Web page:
Bilberry Background and Benefits
Bilberry is the common name for several species of plants in the Vaccinium genus, especially V. myrtillus. They are low-growing shrubs that are closely related to blueberries and are often mistaken for blueberries. Bilberry plants are also known by many other common names, including fraughan, myrtle blueberry and windberry.
Bilberries are native to northern Europe, including the British Isles. They are difficult to cultivate, so bilberries are typically harvested by hand from wild plants. The fruits are small and soft, so it takes care to remove them without damaging them or uprooting the plants. Fresh bilberries are therefore sold only in European markets and gourmet stores, although frozen bilberries are available throughout the year.
The species Vaccinium vitis-idaea is also known as a bilberry as well as more specific common names such as cowberry and lingonberry. Its fruits have been used in traditional medicine for a variety of purposes, especially gastrointestinal conditions. The primary active ingredient in bilberry extract is anthocyanins, which are dark red or blue plant pigments. Anthocyanins also have strong antioxidant properties.
Antioxidants help support the body’s ability to manage the the effects of excess free radical activity, which are highly reactive chemicals that cause cellular damage. Bilberries may therefore be capable of providing a variety of beneficial effects.
Uses of Bilberry
The most common use of bilberry extract is to maintain a healthy circulatory system. Eye health, relief of menstrual discomfort and digestive support are also common reasons for taking bilberry extract.
Eye health support
The anthocyanins in bilberries help to maintain the health of the retina by supporting the blood flow to the eyes.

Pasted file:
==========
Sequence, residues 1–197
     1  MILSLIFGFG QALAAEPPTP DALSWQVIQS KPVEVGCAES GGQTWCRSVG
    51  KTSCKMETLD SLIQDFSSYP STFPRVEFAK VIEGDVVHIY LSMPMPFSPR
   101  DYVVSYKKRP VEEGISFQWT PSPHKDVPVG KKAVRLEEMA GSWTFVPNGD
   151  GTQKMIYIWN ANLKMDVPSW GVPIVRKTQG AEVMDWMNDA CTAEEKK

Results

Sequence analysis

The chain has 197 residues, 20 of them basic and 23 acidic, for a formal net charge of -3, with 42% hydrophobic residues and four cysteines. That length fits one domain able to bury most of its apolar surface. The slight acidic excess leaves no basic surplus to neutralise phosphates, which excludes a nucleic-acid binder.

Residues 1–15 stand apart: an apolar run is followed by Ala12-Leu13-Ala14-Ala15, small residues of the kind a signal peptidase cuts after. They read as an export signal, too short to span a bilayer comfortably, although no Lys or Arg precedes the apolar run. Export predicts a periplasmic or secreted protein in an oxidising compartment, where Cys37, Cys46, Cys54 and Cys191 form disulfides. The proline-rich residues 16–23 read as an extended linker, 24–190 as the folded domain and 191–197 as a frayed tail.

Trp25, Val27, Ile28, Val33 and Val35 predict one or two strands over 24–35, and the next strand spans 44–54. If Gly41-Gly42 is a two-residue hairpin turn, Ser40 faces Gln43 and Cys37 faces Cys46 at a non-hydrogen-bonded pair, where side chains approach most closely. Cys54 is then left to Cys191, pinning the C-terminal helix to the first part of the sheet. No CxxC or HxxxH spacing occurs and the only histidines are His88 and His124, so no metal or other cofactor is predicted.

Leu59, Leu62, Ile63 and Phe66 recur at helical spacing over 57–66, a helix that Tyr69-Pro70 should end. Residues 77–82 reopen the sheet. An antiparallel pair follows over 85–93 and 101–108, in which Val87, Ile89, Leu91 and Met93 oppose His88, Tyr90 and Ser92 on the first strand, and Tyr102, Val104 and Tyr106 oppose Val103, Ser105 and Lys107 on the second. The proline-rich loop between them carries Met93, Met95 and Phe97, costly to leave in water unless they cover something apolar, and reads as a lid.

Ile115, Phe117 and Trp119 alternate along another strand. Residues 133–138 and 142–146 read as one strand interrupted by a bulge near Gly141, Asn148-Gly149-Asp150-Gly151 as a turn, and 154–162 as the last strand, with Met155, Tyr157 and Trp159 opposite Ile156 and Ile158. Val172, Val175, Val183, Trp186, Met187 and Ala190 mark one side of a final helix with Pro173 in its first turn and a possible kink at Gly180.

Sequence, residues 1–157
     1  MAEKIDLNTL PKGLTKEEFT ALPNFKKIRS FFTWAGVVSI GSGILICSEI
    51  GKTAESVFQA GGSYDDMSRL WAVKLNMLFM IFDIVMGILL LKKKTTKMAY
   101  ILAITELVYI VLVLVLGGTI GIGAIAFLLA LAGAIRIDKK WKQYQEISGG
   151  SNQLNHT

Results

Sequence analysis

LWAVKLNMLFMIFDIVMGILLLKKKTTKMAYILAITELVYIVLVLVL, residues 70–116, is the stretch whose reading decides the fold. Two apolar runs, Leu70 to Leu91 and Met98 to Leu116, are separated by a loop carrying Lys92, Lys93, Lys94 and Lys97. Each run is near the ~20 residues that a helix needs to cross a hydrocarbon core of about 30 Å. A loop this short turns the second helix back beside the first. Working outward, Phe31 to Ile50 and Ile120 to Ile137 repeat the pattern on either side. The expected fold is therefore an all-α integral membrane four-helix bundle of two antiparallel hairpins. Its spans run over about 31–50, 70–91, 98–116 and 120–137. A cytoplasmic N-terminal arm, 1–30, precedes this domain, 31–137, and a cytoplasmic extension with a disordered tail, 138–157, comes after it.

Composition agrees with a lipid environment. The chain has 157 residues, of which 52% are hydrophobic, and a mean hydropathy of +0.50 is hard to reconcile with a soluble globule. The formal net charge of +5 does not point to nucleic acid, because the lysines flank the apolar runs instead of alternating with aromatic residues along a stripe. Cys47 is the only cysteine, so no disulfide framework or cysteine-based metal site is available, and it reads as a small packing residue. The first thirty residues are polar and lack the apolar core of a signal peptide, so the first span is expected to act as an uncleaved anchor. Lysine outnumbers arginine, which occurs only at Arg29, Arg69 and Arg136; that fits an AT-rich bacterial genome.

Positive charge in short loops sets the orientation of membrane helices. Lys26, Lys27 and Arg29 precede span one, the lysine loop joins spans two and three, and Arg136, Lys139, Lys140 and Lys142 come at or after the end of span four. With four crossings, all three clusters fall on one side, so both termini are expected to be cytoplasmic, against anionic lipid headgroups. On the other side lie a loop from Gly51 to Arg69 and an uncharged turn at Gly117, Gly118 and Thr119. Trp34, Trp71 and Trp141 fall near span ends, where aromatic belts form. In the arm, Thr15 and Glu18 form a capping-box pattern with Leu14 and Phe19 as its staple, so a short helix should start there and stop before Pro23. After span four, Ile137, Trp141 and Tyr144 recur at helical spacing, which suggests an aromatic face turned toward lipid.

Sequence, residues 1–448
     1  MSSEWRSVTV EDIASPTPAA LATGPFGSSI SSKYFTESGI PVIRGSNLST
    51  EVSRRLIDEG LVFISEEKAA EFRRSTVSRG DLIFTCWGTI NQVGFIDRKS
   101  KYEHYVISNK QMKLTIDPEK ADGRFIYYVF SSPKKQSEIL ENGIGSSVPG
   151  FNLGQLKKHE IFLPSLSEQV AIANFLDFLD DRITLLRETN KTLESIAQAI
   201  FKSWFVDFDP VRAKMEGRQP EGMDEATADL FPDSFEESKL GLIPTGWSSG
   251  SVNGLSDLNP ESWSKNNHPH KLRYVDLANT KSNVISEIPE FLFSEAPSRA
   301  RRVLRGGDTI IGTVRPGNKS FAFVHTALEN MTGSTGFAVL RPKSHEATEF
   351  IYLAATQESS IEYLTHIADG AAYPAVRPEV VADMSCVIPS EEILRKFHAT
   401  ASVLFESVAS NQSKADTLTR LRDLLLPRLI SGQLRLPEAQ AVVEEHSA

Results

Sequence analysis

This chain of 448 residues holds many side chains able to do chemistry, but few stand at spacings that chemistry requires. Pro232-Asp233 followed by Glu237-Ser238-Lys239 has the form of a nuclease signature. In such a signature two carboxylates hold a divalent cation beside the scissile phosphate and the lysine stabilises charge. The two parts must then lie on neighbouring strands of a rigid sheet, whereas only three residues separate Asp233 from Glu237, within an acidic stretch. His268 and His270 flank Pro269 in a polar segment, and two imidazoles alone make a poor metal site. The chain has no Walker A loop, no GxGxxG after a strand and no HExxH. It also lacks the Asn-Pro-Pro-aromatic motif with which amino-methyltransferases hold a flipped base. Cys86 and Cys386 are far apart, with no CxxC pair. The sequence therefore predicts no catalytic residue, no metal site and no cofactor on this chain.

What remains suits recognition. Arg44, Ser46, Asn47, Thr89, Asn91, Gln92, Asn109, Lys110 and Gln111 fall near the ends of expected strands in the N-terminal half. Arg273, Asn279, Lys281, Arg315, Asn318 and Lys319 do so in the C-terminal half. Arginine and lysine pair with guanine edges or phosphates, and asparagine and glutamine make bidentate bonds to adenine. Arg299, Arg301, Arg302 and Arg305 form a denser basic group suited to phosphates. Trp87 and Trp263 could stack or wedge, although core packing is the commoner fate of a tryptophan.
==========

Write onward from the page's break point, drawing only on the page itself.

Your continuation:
Oral supplements of bilberry extract may help support digestive health and function by relieving stomach discomfort, bloating and flatulence in addition to maintaining regular bowel movements.
Anthocyanins such as those found in bilberries are often taken to maintain healthy circulation. Related uses of bilberry include relief from bruising, discomfort and swelling, especially in the legs.
Bilberry extract can relieve the discomfort of menstruation.
Signs You May Need Bilberry
The antioxidant properties of anthocyanins may also indicate the use of bilberries for people with a range of age-related conditions. The most common signs that you may benefit from bilberry extract are age-related conditions such as poor eye health and function. Other age-related conditions including circulatory symptoms such as hemorrhoids and slow blood clotting may also benefit from bilberry extract. Women who experience menstrual discomfort may consider taking bilberry extract.
Other Ingredients That May Be Of Interest
Trans-resveratrol - Several plants produce this natural phenol in response to injury or attack. Common dietary sources of trans-resveratrol include bilberries, blueberries, grapes and mulberries.
Beta carotene - Beta carotene is a bright red-orange pigment that is abundant in plants such as carrots, sweet potatoes and pumpkins. It is the most common dietary source of vitamin A.
Synonyms and Similar Forms of Bilberry
Vaccinium genus, V. myrtillus, fraughan, myrtle blueberry and windberry